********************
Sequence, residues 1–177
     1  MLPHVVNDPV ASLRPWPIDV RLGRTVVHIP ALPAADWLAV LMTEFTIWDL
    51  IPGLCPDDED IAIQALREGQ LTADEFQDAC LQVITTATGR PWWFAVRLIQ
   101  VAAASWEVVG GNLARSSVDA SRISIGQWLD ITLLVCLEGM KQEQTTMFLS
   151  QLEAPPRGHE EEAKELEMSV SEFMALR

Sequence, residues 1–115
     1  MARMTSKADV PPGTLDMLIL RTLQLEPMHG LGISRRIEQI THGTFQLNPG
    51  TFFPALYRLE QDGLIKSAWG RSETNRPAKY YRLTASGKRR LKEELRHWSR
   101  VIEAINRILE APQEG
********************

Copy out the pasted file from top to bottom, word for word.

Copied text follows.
Sequence, residues 1–177
     1  MLPHVVNDPV ASLRPWPIDV RLGRTVVHIP ALPAADWLAV LMTEFTIWDL
    51  IPGLCPDDED IAIQALREGQ LTADEFQDAC LQVITTATGR PWWFAVRLIQ
   101  VAAASWEVVG GNLARSSVDA SRISIGQWLD ITLLVCLEGM KQEQTTMFLS
   151  QLEAPPRGHE EEAKELEMSV SEFMALR

Sequence, residues 1–115
     1  MARMTSKADV PPGTLDMLIL RTLQLEPMHG LGISRRIEQI THGTFQLNPG
    51  TFFPALYRLE QDGLIKSAWG RSETNRPAKY YRLTASGKRR LKEELRHWSR
   101  VIEAINRILE APQEG